Hiring Employees & Contractors (Part 2)

Many business owners don’t realize this but the classification of your workers is very important. It will impact your tax obligations, who owns their work product, and more.

This is Part 2 (Tax Responsibilities) of a four part series on hiring employees and contractors. You can learn more in Part 1 (The Differences), Part 3 (Intellectual Property Issues), and Part 4 (Other Considerations).

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In general

To keep things simple, you should just know that the IRS (and in many cases, state and local governments) will collect a portion of wages paid to someone in exchange for their services to cover income taxes and employment taxes (medicare and social security).

With employees, the employee will pay some of those taxes and the employer will pay some of those taxes.

With contractors, the contractor will pay all of those taxes.

Employees

When you hire an employee, your business must (a) withhold portions of their wages (for the employee’s income taxes and their share of their employment taxes); (b) remit those withholdings to the government on a regular basis; and (c) pay your share of the employee’s employment taxes to the government. In some situations you’ll also have to pay into workers’ compensation funds and pay additional unemployment taxes.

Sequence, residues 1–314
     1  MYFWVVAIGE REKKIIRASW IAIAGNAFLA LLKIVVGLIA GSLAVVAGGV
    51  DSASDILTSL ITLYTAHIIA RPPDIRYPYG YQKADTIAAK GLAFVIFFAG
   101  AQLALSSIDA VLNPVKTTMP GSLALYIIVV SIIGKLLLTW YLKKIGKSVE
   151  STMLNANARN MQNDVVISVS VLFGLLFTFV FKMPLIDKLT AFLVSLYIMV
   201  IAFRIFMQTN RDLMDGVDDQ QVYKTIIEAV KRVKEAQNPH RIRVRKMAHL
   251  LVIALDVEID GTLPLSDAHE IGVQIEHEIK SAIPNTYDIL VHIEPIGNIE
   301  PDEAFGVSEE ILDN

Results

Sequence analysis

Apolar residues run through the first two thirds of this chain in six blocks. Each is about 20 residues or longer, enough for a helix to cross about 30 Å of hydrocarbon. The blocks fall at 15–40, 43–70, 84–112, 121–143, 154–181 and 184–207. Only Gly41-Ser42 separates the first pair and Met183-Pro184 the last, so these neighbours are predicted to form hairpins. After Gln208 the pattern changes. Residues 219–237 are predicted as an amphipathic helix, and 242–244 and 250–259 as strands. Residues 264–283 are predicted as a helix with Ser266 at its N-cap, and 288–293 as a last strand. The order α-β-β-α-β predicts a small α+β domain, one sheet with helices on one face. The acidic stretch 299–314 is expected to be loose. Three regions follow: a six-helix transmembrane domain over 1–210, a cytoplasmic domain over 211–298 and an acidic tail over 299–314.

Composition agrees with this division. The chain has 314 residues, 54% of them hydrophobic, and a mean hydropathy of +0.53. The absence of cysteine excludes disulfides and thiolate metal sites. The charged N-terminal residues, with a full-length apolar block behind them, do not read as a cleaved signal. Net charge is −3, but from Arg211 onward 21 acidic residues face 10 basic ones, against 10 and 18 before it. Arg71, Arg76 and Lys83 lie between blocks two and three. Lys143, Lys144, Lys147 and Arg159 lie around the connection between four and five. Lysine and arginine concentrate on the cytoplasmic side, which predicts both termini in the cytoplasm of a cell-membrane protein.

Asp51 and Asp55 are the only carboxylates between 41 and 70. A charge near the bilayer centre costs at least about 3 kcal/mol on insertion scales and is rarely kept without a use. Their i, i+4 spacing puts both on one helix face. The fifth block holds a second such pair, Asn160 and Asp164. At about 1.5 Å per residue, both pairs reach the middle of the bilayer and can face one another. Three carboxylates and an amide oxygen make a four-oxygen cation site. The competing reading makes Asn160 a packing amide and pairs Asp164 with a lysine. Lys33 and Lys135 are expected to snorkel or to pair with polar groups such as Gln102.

Due to the withholding and other requirements, it is usually best to use a payroll provider or cloud-based platform to help you manage the process. We use gusto.com and really like the platform (FYI – that’s our referral link).

In total, you should anticipate paying 10%-12% more in taxes and similar expenses when hiring employees as compared to contractors.

Contractors

Things are quite a bit easier when you are paying a contractor for services because the contractor is responsible for withholding and paying all of their taxes. Further, you can usually avoid workers’ compensation and unemployment tax obligations with respect to contractors.

However, if you pay a contractor who is taxed as a pass-through entity more than $600 in one year, then you need to use W9s and 1099s for that contractor:

  • Background: Since you don’t have to do withholdings when you pay a contractor, it’s entirely possible that the contractor could hide the payment from the IRS. That’s why we have W9s and 1099s.
  • IRS Form W9: Always ask your contractors to give you a W9. It’s a simple form that the contractor will use to give you their legal name, address, SSN/EIN, etc.
  • IRS Form 1099: With the W9 in hand, you can then complete a 1099 at the end of the year. You’ll enter in the contractor’s information and how much you paid them and you’ll give a copy to the IRS (and another copy to the contractor). The IRS will then use that information to make sure the contractor reports the payment on their tax return.

Also note – if you operate as a pass-through entity, then you’ll have to give a W9 to any client which pays you more than $600 in a year.

Click here to continue on to Part 3 (Intellectual Property Issues).

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*This article is very general in nature and does not constitute legal advice.